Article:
Cost to the city
The City of Vancouver spent about $3,700 in staff wages to plan and provide traffic control for the Occupy Vancouver nonviolent protest Saturday in downtown, according to the city’s payroll department.
Eight Vancouver police officers worked 44.25 overtime hours Saturday to provide traffic control for the event, said Kim Kapp, Vancouver police public information coordinator. Deployed on foot, bicycle and motorcycle, the officers guided traffic and kept watch as a procession of nearly 700 people marched downtown. The officers halted vehicles at intersections so that protesters could cross streets and patrolled along the procession by motorcycle to ensure marchers remained largely on sidewalks.
The overtime hours accounted for about $3,250 of the city’s cost, Kapp said. Planning hours prior to the event amounted to about $450, she said.
Meanwhile, the Vancouver Parks & Recreation Department received no negative reports about the condition or cleanliness of the park after the event, according to staff. When the protest concluded just before 3 p.m. Saturday, some Occupy Vancouver organizers combed through the park’s grass picking up cigarette butts and other litter and placing the items in black trash bags donated by demonstrators.
— Paris Achen
If you go
What: Occupy Vancouver organizing meeting.
When: 6 p.m. Tuesday.
Where: Bandstand at Esther Short Park, 301 W. Eighth St.
Three days after nearly 700 demonstrators took to downtown Vancouver’s streets to protest corporate power and greed, organizers will meet Tuesday to discuss the possibility of holding more Occupy Vancouver events.
“We are meeting to talk about what people want to do,” said organizer Stephanie Rotondo of Vancouver. “We hadn’t planned beyond Saturday. Now, we’ll be gathering ideas for how to move forward. I fully expect more events to come, but I don’t know what that will look like.”
Organizers plan to meet at 6 p.m. at the bandstand of Esther Short Park, 301 W. Eighth St.
Occupy Vancouver was one of 951 demonstrations worldwide Saturday calling for changes in political and economic policies that have favored large corporations and the wealthy while marginalizing the middle class, according to United for Global Change, the main site for organizing the protests that day.
That cities of Vancouver’s population size and smaller are now involved in the Occupy movement is somewhat unexpected, said David Olson, a University of Washington professor emeritus of political science. The movement that began Sept. 17 initially appeared confined to Manhattan but has steadily spread across the country in the past two or three weeks.
“This is a movement that is very unusual in America,” Olson said. “As far as we know, it’s leaderless, and it’s not spreading by an organization that is causing contagion.”
Turnout at Vancouver’s event surpassed organizers’ and city officials’ expectations. It was three times the number of Facebook members who indicated they would attend on Occupy Vancouver’s page, Facebook/Occupy Vancouver.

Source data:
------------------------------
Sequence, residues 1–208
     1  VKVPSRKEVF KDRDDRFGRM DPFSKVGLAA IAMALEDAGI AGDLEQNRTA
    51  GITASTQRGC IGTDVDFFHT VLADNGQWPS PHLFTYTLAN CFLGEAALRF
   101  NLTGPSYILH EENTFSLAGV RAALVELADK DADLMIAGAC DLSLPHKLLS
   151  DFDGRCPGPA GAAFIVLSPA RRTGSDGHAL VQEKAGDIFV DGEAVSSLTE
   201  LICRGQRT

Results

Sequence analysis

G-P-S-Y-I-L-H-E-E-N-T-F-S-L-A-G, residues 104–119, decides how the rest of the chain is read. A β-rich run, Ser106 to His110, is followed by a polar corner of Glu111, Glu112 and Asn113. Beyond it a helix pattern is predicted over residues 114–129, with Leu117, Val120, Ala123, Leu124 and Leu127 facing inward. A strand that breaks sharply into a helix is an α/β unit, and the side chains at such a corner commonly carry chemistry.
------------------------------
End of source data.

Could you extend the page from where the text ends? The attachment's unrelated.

“It says the movement is gaining traction,” Rotondo said.
She said the energy generated from Saturday’s demonstration in Vancouver also built momentum for more events.
“We had a lot of people come and say they wanted to get more involved and wanted to help out in any way they could,” Rotondo said.
It is hard to predict the staying power of the Occupy movement nationally, Olson said. He predicted it would depend on the health of the economy. He compared the ongoing protests to those seen in the 1930s during the Great Depression.
“This is a very traumatic economic period,” Olson said. “This is what is causing the uprising.”
Occupy movements in smaller cities will likely fizzle out because they do not have the amount of people necessary to continue such a protest, said Robert Liebman, associate professor of sociology and urban studies and planning at Portland State University.
“It’s hard to sustain, especially outside bigger cities, because the smaller cities don’t have as many people self-identified to hold onto the tent camps,” he said.
The Occupy movement needs to zero in on the subject of its discontent and then form a powerful message around it, Liebman said. This could be the key, he added, to connecting with the people whom the economy is hurting most — unemployed students with crippling loan debt, jobless veterans and baby boomers facing uncertain retirement years.
“I don’t think they should become the ‘National Angry At Wall Street Movement’ and charge dues,” Liebman said of the Occupy movement. “They need a handful of powerful public events with a shared rhetoric that targets real targets.”
While Liebman suggested the movement’s long-term success hinged on its ability to convene massive events in metropolises like New York City, Los Angeles and Chicago, Olson noted it was “terribly important” that cities, regardless of size, hold their own events.
“It says that, at this particular moment, it is not isolated to Manhattan like New Yorkers originally speculated,” he said. “It says it’s not isolated to the two dozen or so major cities.”
Organizer Dan Walker of Vancouver debuted a website for the Vancouver movement on Oct. 8 at http://occupyvancouverusa.org/, 21 days after Occupy Wall Street began. Organizers, participants, supporters and detractors have been communicating there, as well as via Facebook and on Twitter using the #occupyvanwa hashtag.